Characters: Sam, Dean (Gen)
Spoilers: Tiny “Asylum” spoiler
Summary: Sam and Dean versus an unknown grave-robber. (Includes bickering, bad food, and the obligatory Latin).
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x-x-x-x-x Chapter 1: Settling In x-x-x-x-x
The door to Room 7 is chipped and scarred, and it creaks impressively as Dean pushes it open. Sam takes in the dark walls and hideous curtains, both par for the course. The room’s carpet looks as if it might be moving up the evolutionary ladder right in front of their eyes.
“Only one bed,” Sam says.
“It was the last room.” Dean dumps his bag against the wall. “So, do we remember the rules when there’s only one bed?” he asks.
Sam ticks them off. “No kicking, no humping, and watches stay on the nightstand. Dean, I’m the one that got the watch stuck in my hair.”
“And that’s why we have the rule.”
“What about snuggling?” teases Sam.
Dean gives a joking thumbs up. “But if you clock me during one of your nightmares, I might have to reconsider.”
“Dean! It’s not like I have them on purpose!” Sam protests.
“I know, but still—I get beaten up enough at work.”
Sam’s lips quirk at a bizarre mental image of Dean in a suit with a briefcase full of holy water and weapons. What would the business cards look like? “Dean Winchester, serving all your exorcism needs.” Or maybe, “Dean Winchester, Purveyor of Permanent Supernatural Solutions.”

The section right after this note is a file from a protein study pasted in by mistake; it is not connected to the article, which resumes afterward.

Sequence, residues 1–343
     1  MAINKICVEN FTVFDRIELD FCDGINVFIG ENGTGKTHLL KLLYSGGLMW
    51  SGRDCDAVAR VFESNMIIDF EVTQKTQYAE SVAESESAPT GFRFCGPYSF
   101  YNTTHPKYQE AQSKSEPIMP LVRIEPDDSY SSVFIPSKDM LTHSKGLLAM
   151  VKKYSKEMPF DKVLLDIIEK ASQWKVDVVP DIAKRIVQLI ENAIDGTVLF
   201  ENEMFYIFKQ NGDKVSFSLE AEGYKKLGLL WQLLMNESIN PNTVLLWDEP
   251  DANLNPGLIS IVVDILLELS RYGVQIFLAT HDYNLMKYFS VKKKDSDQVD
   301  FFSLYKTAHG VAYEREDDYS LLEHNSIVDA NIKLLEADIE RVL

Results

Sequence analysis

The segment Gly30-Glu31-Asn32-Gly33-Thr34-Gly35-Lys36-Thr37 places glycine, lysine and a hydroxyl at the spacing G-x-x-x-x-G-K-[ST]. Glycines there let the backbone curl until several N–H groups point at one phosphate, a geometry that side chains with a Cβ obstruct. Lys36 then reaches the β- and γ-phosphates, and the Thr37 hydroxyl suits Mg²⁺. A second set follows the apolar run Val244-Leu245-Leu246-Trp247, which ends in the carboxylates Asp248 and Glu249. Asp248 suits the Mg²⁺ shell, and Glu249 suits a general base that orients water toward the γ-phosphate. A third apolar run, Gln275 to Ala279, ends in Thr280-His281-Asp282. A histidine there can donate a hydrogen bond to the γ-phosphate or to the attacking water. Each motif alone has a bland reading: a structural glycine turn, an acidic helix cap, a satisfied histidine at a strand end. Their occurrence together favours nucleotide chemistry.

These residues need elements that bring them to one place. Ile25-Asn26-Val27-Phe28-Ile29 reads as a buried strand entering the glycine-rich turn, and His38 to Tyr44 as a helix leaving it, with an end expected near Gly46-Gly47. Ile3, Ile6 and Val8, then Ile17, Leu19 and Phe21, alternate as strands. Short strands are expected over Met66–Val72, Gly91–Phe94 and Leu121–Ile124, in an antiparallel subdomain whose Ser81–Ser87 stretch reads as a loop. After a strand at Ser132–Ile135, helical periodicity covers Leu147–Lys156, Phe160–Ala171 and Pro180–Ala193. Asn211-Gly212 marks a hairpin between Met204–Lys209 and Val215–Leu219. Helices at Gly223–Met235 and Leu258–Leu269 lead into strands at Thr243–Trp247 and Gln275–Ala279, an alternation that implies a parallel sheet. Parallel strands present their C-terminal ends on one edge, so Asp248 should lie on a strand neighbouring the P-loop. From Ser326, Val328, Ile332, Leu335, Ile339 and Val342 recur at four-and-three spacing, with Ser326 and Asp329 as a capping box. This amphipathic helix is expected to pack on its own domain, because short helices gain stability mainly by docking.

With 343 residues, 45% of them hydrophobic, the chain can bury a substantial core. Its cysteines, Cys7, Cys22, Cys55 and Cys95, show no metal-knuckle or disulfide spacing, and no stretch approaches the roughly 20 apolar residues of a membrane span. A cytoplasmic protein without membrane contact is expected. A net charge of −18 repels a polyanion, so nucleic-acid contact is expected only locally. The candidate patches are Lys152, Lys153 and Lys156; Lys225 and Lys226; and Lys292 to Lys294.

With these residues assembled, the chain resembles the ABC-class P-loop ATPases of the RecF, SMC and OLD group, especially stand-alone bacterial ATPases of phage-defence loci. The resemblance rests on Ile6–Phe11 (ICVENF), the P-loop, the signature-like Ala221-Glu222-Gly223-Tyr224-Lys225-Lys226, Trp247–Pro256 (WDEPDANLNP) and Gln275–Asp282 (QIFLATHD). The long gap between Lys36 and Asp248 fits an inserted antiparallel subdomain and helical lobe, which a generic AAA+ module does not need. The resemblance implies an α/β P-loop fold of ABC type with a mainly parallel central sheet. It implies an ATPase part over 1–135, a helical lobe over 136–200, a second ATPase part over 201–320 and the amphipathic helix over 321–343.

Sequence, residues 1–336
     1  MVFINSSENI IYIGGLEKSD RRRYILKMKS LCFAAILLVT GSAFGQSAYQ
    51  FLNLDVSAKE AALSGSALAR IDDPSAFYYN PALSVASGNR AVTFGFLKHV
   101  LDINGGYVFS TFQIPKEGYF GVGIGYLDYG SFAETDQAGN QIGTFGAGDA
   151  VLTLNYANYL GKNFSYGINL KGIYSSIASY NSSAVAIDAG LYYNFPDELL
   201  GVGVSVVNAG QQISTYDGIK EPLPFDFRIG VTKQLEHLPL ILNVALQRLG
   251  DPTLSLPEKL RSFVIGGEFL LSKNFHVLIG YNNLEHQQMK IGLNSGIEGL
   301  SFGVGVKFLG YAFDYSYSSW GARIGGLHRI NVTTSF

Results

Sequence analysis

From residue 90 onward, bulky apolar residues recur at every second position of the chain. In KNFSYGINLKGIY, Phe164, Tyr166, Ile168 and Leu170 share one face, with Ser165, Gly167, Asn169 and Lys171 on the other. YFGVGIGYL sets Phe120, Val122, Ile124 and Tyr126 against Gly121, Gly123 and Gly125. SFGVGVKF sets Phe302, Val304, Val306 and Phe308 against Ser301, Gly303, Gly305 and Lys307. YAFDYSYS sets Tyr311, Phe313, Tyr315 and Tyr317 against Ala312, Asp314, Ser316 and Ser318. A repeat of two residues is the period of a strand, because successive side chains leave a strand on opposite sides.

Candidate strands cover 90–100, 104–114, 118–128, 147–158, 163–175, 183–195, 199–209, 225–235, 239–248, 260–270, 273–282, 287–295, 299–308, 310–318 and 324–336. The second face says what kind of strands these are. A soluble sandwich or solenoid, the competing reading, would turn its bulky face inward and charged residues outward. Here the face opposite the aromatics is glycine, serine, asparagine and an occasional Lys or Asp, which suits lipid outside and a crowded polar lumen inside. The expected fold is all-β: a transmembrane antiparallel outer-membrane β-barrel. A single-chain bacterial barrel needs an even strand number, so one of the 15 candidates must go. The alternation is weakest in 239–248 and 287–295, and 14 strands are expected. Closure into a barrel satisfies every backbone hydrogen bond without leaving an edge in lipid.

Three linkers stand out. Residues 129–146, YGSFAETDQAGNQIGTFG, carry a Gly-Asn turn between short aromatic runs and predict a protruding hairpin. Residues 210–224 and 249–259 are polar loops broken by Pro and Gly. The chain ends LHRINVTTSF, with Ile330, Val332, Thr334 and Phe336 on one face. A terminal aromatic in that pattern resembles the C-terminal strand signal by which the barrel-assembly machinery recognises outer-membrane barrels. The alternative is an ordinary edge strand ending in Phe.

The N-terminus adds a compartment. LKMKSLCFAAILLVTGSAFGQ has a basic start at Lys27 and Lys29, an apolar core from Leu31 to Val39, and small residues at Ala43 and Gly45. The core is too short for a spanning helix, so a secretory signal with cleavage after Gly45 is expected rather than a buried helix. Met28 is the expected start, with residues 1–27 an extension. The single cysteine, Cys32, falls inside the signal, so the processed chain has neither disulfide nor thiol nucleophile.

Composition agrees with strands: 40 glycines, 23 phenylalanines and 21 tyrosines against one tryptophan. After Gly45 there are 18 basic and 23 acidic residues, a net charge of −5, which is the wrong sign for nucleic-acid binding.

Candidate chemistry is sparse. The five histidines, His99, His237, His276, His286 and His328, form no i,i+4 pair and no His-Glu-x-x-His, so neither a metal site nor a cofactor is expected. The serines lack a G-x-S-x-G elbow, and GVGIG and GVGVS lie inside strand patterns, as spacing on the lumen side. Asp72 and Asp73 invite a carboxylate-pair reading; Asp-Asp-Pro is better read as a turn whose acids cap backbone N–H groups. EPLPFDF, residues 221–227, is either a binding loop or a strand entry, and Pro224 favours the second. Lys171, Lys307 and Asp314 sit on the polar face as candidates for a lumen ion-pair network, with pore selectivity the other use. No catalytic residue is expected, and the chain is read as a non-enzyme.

“You hungry?” Dean asks.
“Yeah.” Sam puts his bag on the chair, the toiletries on the dresser. Nothing is going to touch that floor if he can help it.
“Diner next door?” Dean stuffs the 38 down the back of his pants, and checks his wallet.
“Whatever,” Sam says. His hunger isn’t very specific anymore, and nothing tastes particularly good. Cheap and filling is all he needs right now.
The diner has chicken-fried steak and a waitress named Holly, but both appear lumpy and a little dry. Dean orders a hamburger and a beer, and Sam picks Salisbury steak, which he remembers as being one of the less awful choices from endlessly repeated school-lunch menus in dozens of towns. Sam has had a lot of experience with Salisbury steak. It almost makes him nostalgic.
“So, who’re we talking to first?” he asks. His iced tea is weak, but the mashed potatoes aren’t bad.
“Ed Stanton,” Dean replies. “He’s the caretaker at the cemetery, claims he got a look at something running away from one of the open graves.” Dean’s finished off one ketchup bottle already, and is stealing one from the next table over.
“Was this during daylight, or at night?” Sam asks.
“Night. Says he only saw it just the one time.”
“Full moon?” asks Sam.
Dean shakes his head. “Fog.”
Sam groans. “Did he, in fact, actually see something? Like, outside of his own head? Was it shadows? A dog?”
Dean holds his hands up. “Dude, don’t stroke out on me. We’ll find out tomorrow.” Sam goes back to staring at his dinner. This Salisbury steak needs a sharp knife, which is just wrong for a hamburger-based meal. He wonders if sawing or stabbing would get the best results.